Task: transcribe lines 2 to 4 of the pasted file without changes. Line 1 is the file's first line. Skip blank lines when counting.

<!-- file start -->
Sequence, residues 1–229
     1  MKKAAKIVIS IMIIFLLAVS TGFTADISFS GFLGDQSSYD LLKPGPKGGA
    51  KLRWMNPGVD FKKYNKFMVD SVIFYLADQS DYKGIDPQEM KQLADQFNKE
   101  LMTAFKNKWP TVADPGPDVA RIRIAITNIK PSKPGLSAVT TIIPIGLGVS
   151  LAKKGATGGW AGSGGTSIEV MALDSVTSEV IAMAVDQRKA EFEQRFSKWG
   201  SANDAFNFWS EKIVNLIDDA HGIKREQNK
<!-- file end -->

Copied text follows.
     1  MKKAAKIVIS IMIIFLLAVS TGFTADISFS GFLGDQSSYD LLKPGPKGGA
    51  KLRWMNPGVD FKKYNKFMVD SVIFYLADQS DYKGIDPQEM KQLADQFNKE
   101  LMTAFKNKWP TVADPGPDVA RIRIAITNIK PSKPGLSAVT TIIPIGLGVS